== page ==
Saving the Earth, One Chanel Bag at a Time

 

“I’m digging, I’m digging, I’m searching right through that luggage. One man’s trash, that’s another man’s come up” – Macklemore “Thrift Shop”

When you think about designer resale, what comes to mind? If you’ve got visions of swiping left through grandma’s closet while searching for a vintage mink jacket or a 70’s Pucci dress, you’re getting warmer.

While designer resale let’s you snag a Chloe Paddington for 75% less than you would’ve paid in 2006, it’s more than finding a high-quality product for much less or finding that one of a kind special Chanel bag with the 24K gold hardware…it’s about sustainability and the rise of the conscious consumer.

 

 

Let’s Save the Earth, One Vintage Item at a Time

“In fashion, the shift to new ownership models is driven by growing customer desire for variety, sustainability, and affordability. In 2019, we predict more consumers will see growing proportion of their wardrobes made up of pre-owned or rented products.” – McKinsey X Business of Fashion, “The State of Fashion 2019”

Sustainability is not just a buzzword—it’s here to stay. Research shows that every time you buy pre-owned luxury, you decrease your carbon footprint and increase the lifespan of the item.

As consumers stop buying to throw-away fast fashion and become better informed about the fashion industry’s impact on the environment—after all it’s the second largest polluter in the world—brands will have no choice but to think about how their products are made, ensure they’re made well enough to retain resell value, and embrace end-of-life solutions.

Resale has an important environmental impact, it’s extending the life of something that’s already been produced, rather than creating a trendy new item that’ll be trashed after an Instagram post. For example, buying a pre-owned designer bag rather than a new bag saves over 18lbs of carbon dioxide emission and 6 gallons of water. And buying a pair of pre-owned designer shoes instead of a new pair saves 7lbs of carbon dioxide emission and over 2 gallons of water.

 

Sustainability has already been a key focus for resale stores. In fact, 15% of textile waste is recycled by resale stores and that’s 2.5 billion tons.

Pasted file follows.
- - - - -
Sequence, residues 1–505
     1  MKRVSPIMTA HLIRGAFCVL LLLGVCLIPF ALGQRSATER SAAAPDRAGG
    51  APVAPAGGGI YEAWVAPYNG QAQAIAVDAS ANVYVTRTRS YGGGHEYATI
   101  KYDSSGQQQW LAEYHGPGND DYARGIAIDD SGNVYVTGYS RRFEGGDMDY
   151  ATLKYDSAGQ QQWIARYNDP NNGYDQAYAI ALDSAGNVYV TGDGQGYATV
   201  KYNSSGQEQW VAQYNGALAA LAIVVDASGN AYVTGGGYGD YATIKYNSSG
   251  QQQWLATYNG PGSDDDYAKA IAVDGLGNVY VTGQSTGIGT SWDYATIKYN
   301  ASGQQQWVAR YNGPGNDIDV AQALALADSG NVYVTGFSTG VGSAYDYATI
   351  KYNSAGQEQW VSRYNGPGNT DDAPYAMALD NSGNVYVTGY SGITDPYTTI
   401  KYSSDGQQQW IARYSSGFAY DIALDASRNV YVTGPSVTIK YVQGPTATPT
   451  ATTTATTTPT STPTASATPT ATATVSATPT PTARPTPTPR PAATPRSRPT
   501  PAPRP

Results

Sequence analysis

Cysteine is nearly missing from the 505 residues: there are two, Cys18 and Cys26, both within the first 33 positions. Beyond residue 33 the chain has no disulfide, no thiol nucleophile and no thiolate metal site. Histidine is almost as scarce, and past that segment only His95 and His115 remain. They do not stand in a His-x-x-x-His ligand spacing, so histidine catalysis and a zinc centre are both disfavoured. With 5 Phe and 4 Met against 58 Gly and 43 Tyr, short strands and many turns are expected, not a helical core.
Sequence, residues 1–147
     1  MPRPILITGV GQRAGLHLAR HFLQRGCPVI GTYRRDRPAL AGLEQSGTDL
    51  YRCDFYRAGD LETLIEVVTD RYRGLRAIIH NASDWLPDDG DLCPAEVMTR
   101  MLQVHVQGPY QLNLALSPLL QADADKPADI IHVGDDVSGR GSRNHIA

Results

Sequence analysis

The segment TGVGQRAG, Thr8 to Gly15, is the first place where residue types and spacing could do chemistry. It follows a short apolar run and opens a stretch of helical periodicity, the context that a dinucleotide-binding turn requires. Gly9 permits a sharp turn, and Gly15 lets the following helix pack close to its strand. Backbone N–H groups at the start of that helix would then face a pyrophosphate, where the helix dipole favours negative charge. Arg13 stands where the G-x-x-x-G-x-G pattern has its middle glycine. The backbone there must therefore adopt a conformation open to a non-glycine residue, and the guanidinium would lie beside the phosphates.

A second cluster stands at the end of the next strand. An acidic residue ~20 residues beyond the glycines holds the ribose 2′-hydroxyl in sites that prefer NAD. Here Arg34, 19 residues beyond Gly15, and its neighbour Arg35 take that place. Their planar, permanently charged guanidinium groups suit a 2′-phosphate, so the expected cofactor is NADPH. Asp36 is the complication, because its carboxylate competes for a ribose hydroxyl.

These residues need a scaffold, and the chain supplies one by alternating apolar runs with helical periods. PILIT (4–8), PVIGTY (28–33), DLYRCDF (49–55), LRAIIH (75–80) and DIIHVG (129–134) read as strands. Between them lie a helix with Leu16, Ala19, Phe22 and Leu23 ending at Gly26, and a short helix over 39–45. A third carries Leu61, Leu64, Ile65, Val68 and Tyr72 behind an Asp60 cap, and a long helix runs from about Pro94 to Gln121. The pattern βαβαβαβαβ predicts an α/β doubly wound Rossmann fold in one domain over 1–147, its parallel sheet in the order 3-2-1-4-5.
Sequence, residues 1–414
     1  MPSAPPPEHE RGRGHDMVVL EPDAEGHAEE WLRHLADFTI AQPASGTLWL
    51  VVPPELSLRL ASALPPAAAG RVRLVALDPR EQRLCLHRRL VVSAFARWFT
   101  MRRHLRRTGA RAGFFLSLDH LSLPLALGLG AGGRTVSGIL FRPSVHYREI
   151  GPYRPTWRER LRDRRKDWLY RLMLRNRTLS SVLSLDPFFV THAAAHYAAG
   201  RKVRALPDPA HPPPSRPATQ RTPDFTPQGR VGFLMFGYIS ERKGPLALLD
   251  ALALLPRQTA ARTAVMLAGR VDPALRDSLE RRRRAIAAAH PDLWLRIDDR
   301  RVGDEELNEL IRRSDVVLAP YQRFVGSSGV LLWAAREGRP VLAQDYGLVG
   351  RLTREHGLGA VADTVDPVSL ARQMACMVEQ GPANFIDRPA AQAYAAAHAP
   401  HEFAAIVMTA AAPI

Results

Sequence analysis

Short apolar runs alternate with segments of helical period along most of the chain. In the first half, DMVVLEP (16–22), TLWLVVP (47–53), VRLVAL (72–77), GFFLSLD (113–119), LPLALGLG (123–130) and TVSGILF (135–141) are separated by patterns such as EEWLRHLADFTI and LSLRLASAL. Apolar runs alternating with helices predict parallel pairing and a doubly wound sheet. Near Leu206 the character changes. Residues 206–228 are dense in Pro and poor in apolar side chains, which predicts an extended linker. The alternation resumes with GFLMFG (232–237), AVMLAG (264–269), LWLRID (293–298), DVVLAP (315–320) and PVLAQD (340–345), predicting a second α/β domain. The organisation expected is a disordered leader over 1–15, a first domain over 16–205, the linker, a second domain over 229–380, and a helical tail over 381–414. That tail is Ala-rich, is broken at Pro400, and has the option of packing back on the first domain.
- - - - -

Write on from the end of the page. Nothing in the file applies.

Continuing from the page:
Pre-Loved Luxury Rules

These days you can’t turn on the TV or log into Instagram without being bombarded by ads or pop-ups suggesting you buy and sell pre-owned goods. The resale market has grown exponentially since the recession due to consumers becoming more fiscally conservative and environmentally friendly—and luxury has become the fastest growing customer segment. High-end resale gives luxury goods a second lease on life at a lower retail price, therefore offering a stepping stone for those aspirational consumers who are not yet ready to drop $5,000 on a brand-new Chanel flap bag.

The online resale industry has grown 36% year-over-year and that’s 17 times faster than the broader apparel market. The global resale industry is BOOMING. By 2022, it is projected to reach $41 billion in revenue. And luxury resale is now more mainstream than ever before…and easily one of the best ways to get into sustainable fashion.

Resale already plays a key role in driving collaboration and innovation that’ll make fashion more sustainable in the future. Moving forward, more retail companies will create clothing out of safe and renewable materials, design items in a way that’ll allow them to be resold, renewed or made into new clothes, and ensure clothing is so well made, its life can be extendable (and it’ll withstand the test of time) via resale, rental, and more.

Save the World with LePrix

You already know we’ve got the best luxury resale around but did you know we’re constantly doing our part to save the planet? With over 250,000 pre-owned bags consigned on LePrix, we’ve already helped alleviate our carbon footprint by 4.2 million pounds of carbon dioxide emission and we’ve saved 1.5 million gallons of water! And we’re just getting started.

Join us on this mission. Shop LePrix and let’s reduce our carbon footprint but make it fashion.

 

 

 

Former NYC fashion writer making DC a little more stylish on the daily.

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